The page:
Resident Training and the Assessment of Orthopaedic Surgical Skills

Joshua J. Bagley, Brian Piazza, Michelle D. Lazarus, Edward J. Fox, Xiang Zhan

Research output: Contribution to journalReview ArticleResearchpeer-review

8 Citations (Scopus)

Abstract

Background:Medical knowledge and technical skills are foundations of surgical competency. The American Board of Orthopaedic Surgery (ABOS) and the Resident Review Committee for Orthopaedic Surgery recently mandated simulation training to improve surgical skills, listing 17 surgical skills modules to improve residents' technical skills. However, there is no established tool to measure the effectiveness of these modules. The Global Index for Technical Skills (GRITS) tool has been previously validated for evaluating general surgery residents. The aim of this study was to determine whether the GRITS tool is valid, practical, and reliable in evaluating the skills of orthopaedic residents in a simulation setting, whether the outcomes correlate to performance in the operating room, and to what extent these simulation modules are valued by residents.Methods:Simulation performance was assessed longitudinally on 5 residents using the GRITS assessment through postgraduate years (PGY) 1 to 5 (n = 25 evaluations) in a simulated volar forearm approach using cadaveric specimens. An additional 20 PGY-1 residents were evaluated cross-sectionally in this same time frame. Written, open-ended feedback on the simulation experience was sought and analyzed via a thematic analysis. For correlative data, evaluations (n = 65 evaluations) of a variety of authentic surgical procedures were compiled on PGY-2 through PGY-5 orthopaedic residents and compared with the simulated experiences.Results:GRITS scores were averaged for each group of residents, and validity and reliability were assessed using R-software. PGY-1 residents' mean GRITS evaluation score (expressed as a value from 1 to 5) was 3.4. Longitudinally, this mean score increased over the PGY years 2-5 to 4.4, 4.7, 4.9, and 4.8, respectively. Of the parameters measured by GRITS, the lowest average scores were "flow of operation" and "time and motion" across all levels, although these did improve over PGY years 2 to 5. Findings were consistent between simulation and "real-world" procedures. Open-ended responses evaluating the module were positive.Conclusions:Our study suggests that the GRITS tool shows promise as an effective and reliable method for assessing orthopaedic resident's technical skills based on an ABOS module system.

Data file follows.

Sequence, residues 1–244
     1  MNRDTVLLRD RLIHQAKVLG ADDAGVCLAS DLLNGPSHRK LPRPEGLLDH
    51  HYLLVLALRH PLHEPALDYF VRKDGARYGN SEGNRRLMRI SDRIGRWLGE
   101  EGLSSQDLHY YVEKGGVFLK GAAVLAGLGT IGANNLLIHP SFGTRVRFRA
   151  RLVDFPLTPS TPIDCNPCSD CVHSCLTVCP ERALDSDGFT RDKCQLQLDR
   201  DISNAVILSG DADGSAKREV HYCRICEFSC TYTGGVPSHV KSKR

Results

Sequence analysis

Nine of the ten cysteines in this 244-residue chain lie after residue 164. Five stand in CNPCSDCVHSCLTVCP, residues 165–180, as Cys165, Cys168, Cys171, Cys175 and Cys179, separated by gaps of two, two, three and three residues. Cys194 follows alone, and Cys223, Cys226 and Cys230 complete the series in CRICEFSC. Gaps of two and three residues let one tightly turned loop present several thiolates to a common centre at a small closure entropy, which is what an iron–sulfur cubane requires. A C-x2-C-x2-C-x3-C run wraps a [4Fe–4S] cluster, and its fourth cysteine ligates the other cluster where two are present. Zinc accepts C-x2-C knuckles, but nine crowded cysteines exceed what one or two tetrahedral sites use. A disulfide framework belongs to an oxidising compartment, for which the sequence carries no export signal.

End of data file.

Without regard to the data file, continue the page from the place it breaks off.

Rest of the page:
Original languageEnglish
Article numbere2000173
Number of pages6
JournalJBJS Open Access
Volume6
Issue number4
DOIs
Publication statusPublished - Oct 2021

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